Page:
This study identified two novel mutations in the DNAH11 gene which show considerable variety in the clinical picture of PCD and phenotype of beating cilia. Therefore, mutations in the DNAH11 gene may constitute a considerable diagnostic challenge with low PICADAR scores, normal values of nasal nitric oxide measurements, hyperkinetic movements instead of static cilia and normal ultrastructure. This should remind the clinician that the clinical picture of PCD can be much milder than generally assumed and that for every child with chronic wet cough, a combination of diagnostic tools is needed to rule it out, as recommended in a recent update of guidelines .
Availability of data and materials
All data gathered, analysed and compiled in this study are included in the manuscript. Patient videos of cilia movement and the Blueprint Genetics laboratory report are available from the corresponding author on reasonable request.
Ciliary Disorder Number 7
Primary ciliary dyskinesia
- DNAH11 :
Dynein Arm Heavy Chain 11
Transmission electron microscopy
PrImary CiliAry DyskinesiA Rule
Cystic Fibrosis Transmembrane Conductance Regulator
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First we want to thank our patients and their parents for their great interest, cooperation and consent to publish this article. Furthermore, we thank Mrs. Tiina Peromaa (CMT) for excellent technical expertise in processing the samples for HSVMA. We wish also to thank Mrs. Johanna Juvankoski (PN) for her help with nasal NO measurements and cilia brushings. Special thanks go out to Mr. Alan Brown for proof-reading the manuscript.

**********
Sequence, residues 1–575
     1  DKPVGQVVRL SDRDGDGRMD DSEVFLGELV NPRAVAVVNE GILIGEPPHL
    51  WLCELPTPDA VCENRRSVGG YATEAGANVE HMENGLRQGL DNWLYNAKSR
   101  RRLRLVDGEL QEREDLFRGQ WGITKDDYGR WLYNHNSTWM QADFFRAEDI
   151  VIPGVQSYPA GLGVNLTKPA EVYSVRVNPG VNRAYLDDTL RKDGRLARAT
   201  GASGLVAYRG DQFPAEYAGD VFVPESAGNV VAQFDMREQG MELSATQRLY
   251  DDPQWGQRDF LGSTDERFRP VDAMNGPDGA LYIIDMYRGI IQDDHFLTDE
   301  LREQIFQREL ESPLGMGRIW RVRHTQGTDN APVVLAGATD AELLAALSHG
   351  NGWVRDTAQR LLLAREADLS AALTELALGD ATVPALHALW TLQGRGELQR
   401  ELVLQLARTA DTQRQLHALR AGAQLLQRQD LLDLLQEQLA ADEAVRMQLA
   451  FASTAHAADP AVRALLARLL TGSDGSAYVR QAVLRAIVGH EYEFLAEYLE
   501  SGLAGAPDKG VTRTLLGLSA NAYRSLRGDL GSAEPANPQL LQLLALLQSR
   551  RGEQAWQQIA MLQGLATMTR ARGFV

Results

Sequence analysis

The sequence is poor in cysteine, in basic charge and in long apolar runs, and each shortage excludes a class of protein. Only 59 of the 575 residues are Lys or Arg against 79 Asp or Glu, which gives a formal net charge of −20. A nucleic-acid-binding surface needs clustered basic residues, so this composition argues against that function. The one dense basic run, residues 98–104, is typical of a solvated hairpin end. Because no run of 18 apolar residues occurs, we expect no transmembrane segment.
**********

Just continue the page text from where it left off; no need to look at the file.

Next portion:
For this case report no fund-raising has been carried out and there are no sponsors involved to cover expenses.
Ethics approval and consent to participate
Written informed consent to participate was obtained from all patients. For patients under 18 years of age written informed consent was obtained from their parents. For ethical approval to investigate PCD cases the study protocol was submitted to the local Ethical Committee of the Turku University Hospital for evaluation. Permission was granted under the permission number ETMK 69–2017.
Consent for publication
For all our patients written informed consent was obtained to publish clinical details and/or clinical images compiled in this study. For any patient under the age of 18 written informed consent for the publication of clinical details and/or clinical images was obtained from the parents. Processing of patient data was carried out by following the EU General Data Protection Regulation (GDPR). Images or personal data which could possibly compromise the anonymity of our patients was not included.
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Schultz, R., Elenius, V., Lukkarinen, H. et al. Two novel mutations in the DNAH11 gene in primary ciliary dyskinesia (CILD7) with considerable variety in the clinical and beating cilia phenotype. BMC Med Genet 21, 237 (2020). https://doi.org/10.1186/s12881-020-01171-2